Tayside Police have advised retailers, businesses and members of the public to be on the guard against the use of counterfeit money.
People should be vigilant over banknotes they are offered or receive as legal tender and contact the police if they are handed a note they suspect to be counterfeit.
Many shops have devices that assist in the checking of counterfeit currency. However, there are also a number of simple checks that can go some way to verifying a genuine bank note.
Tayside Police advise retailers, business and the public to look at the following:
l Paper - Genuine notes are printed on a fine cotton weave which has a very different feel from ordinary paper.
l Watermark - To check the watermark hold the paper up to the light. Real notes will have the watermark in the paper. Counterfeiters will print the watermark on to the paper.
l Clarity of printing - Under close scrutiny the detail of fake notes may look messy and lack the detail that can be seen in real notes.
l Quality of printing - Real notes are printed on “intaglio” presses which raise the ink off the paper and give it a unique textured feel. If the printing on your note is flat, it could be a fake.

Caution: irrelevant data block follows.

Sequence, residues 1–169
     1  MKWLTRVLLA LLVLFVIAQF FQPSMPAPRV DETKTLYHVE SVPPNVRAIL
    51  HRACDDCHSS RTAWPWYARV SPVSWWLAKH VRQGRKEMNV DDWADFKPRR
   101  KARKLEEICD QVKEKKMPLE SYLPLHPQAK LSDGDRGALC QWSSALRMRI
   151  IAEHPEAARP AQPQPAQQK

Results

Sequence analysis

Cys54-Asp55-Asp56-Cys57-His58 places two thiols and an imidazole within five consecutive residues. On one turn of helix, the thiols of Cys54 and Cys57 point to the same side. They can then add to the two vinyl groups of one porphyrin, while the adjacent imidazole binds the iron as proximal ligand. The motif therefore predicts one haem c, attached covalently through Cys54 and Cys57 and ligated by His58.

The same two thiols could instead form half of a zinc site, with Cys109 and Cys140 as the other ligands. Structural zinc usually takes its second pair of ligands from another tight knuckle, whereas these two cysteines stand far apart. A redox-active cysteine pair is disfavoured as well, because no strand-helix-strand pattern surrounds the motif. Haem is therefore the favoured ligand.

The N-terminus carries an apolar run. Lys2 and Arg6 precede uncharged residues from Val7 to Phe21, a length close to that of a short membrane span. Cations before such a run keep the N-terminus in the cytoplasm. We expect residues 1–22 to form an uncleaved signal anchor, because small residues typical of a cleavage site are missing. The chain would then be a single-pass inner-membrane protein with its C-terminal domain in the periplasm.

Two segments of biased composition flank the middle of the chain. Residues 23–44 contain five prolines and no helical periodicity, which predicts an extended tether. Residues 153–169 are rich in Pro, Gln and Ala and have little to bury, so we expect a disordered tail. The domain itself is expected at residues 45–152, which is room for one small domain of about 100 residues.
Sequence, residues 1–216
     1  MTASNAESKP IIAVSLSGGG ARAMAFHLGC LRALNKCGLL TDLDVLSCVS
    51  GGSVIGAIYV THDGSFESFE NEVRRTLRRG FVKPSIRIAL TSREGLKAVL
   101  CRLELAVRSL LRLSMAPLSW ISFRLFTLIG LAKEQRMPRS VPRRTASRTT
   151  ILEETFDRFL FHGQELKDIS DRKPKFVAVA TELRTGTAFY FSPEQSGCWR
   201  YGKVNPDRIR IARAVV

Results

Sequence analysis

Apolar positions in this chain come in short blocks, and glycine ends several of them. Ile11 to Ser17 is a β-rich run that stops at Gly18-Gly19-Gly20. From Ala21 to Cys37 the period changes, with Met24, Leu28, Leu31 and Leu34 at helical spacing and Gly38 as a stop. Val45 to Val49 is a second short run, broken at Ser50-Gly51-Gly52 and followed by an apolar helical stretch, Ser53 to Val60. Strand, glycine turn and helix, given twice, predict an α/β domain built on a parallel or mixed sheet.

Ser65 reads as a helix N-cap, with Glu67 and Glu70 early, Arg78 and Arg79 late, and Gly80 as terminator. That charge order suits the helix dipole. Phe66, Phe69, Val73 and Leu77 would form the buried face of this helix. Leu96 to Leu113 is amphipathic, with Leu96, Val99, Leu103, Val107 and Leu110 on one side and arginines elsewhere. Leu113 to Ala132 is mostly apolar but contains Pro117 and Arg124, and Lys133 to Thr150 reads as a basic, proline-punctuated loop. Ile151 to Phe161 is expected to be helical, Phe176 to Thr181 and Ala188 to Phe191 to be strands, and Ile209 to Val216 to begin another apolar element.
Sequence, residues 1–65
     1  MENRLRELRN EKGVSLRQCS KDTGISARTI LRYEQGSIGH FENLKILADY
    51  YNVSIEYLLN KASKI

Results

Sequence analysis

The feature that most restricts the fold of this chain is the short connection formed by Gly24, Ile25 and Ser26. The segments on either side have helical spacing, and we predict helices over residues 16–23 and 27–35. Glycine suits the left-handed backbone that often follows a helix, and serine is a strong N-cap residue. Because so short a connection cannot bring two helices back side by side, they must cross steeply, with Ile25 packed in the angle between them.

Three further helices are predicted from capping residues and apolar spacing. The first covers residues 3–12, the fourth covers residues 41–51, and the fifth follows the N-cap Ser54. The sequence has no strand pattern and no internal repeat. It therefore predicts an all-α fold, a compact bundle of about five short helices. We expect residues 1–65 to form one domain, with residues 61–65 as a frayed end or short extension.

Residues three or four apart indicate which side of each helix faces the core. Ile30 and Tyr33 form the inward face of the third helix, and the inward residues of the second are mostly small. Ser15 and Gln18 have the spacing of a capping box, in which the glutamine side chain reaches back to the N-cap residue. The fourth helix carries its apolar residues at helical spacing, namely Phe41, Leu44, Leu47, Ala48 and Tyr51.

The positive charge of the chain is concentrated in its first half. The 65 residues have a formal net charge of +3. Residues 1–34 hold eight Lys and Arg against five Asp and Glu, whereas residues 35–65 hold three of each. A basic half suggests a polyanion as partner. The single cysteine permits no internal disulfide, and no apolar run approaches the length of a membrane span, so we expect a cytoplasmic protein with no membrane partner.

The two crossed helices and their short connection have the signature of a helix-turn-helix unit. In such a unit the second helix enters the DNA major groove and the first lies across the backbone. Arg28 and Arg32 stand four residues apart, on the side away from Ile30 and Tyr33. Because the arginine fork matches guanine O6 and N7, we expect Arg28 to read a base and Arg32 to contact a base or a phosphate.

l Metal thread - Sometimes counterfeiters try to “hot foil” a strip onto the note - but on any real note this should run through the paper.
l Hologram - Real notes will have a high quality hologram, but counterfeiters try to get round this by printing an ultra fine foil on to the note.
l Serial numbers - Genuine notes have individual serial numbers. But forgers will often not bother - so if two or more of your notes have the same numbers then they’re fake.
It may be prudent, especially for smaller businesses without the huge turnover of larger ones, to try and check all notes with a detector pen or, better still, by using a counter top detector.
Compare the note tendered with a genuine note.
Anyone who has information regarding counterfeit currency being used should contact 0300 111 2222.
Alternatively information can be passed anonymously via the charity Crimestoppers on 0800 555 111.